In the software world, “waterfall” is commonly used to describe a style of software process, one that contrasts with the ideas of iterative, or agile styles. Like many well-known terms in software it's meaning is ill-defined and origins are obscure - but I find its essential theme is breaking down a large effort into phases based on activity.
Machine Learning applications are becoming popular in our industry, however the process for developing, deploying, and continuously improving them is more complex compared to more traditional software, such as a web service or a mobile application. They are subject to change in three axis: the code itself, the model, and the data. Their behaviour is often complex and hard to predict, and they are harder to test, harder to explain, and harder to improve. Continuous Delivery for Machine Learning (CD4ML) is the discipline of bringing Continuous Delivery principles and practices to Machine Learning applications.
Heavy Cardboard is a media channel dedicated to board games, run by Edward Uhler. I first ran into it when it was purely a podcast, enjoying it because it reviewed the kind of games I was interested in, and gave enough depth to the reviews that I could get a good picture of whether the game would interest me. It then added a video channel, streaming live games on Youtube. I rarely watch the live games, but often found watching a recording useful to see if I would like a game. I also find Edward's teaching of the rules, which he does before every stream, an effective way to learn how to play a game. I liked the show enough to become a patron, and enjoy the patron-only slack channel. It's a useful discussion forum and one of the most pleasant online groups I've been involved in.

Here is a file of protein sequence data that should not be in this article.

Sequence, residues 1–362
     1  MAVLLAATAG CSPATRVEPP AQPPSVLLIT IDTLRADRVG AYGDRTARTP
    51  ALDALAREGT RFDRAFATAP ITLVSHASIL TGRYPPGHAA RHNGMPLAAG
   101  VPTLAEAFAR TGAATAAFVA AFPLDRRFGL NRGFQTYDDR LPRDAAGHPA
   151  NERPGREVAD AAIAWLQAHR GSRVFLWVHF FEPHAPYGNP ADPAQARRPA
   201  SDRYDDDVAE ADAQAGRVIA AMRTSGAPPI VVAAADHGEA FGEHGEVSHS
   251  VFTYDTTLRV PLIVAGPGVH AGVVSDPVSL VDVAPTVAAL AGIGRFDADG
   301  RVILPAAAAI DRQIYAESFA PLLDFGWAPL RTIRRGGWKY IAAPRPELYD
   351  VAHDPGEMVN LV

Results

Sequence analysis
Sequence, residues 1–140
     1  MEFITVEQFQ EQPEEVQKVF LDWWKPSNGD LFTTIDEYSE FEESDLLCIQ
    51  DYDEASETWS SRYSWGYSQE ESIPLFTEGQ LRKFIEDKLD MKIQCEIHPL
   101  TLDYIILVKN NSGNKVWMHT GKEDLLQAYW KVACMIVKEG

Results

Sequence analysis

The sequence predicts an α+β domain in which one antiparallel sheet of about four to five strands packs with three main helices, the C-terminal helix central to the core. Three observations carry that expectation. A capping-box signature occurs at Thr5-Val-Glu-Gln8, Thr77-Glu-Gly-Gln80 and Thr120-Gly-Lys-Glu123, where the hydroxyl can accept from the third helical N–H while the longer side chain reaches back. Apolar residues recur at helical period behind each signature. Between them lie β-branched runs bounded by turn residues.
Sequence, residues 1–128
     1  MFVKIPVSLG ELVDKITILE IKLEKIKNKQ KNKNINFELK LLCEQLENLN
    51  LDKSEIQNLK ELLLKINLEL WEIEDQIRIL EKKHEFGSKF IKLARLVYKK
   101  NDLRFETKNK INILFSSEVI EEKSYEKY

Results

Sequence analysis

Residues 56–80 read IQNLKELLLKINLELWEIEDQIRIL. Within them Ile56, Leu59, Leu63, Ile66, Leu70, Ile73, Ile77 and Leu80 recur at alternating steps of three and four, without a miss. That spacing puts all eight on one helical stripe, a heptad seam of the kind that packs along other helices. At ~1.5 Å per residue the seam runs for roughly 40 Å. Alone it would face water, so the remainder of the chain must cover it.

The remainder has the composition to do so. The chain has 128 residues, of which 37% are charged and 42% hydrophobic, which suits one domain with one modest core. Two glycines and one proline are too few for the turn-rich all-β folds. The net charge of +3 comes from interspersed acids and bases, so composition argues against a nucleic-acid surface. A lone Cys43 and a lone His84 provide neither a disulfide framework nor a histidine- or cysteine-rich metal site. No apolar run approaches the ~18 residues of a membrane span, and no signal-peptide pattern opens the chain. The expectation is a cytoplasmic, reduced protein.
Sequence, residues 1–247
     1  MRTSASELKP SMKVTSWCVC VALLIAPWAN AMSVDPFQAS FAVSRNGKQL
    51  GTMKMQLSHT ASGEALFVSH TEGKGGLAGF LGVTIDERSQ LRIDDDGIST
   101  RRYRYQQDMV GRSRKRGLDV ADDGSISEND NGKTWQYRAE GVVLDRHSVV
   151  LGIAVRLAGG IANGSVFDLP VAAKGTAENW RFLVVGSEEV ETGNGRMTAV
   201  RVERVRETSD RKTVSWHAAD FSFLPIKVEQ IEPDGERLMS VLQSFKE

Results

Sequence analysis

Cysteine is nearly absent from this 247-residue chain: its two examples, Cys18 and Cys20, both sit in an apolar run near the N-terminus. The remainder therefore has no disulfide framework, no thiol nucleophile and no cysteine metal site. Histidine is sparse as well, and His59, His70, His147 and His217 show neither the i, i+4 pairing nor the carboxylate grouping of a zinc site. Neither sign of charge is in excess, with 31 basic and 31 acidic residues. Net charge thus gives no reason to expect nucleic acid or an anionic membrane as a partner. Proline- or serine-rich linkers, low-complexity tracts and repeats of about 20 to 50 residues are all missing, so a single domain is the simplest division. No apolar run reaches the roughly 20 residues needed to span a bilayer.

Brass Birmingham is a modern board game where players build up an industrial empire of coal mines, breweries, and railways in the industrial revolution. Edward and I do a detailed review of the game: assessing its weight, reviewing the components, and outlining what we like about the game. The podcast begins with a general chat of our recent gaming experiences, and I talk a bit about my background in gaming - the actual review starts at 1:16.
A significant share of architectural energy is spent on reducing or avoiding lock-in. That's a rather noble objective: architecture is meant to give us options and lock-in does the opposite. However, lock-in isn't a simple true-or-false matter: avoiding being locked into one aspect often locks you into another. Also, popular notions, such as open source automagically eliminating lock-in, turn out to be not entirely true. Time to have a closer look at lock-in, so you don't get locked up into avoiding it!
At the start of 2019, it seems like a good idea to review the state of martinfowler.com. I did a brief review of the site back in 2014, so it's well past time to take another look at the traffic it generates.
Good frontend development is hard. Scaling frontend development so that many teams can work simultaneously on a large and complex product is even harder. In this article we'll describe a recent trend of breaking up frontend monoliths into many smaller, more manageable pieces, and how this architecture can increase the effectiveness and efficiency of teams working on frontend code. As well as talking about the various benefits and costs, we'll cover some of the implementation options that are available, and we'll dive deep into a full example application that demonstrates the technique.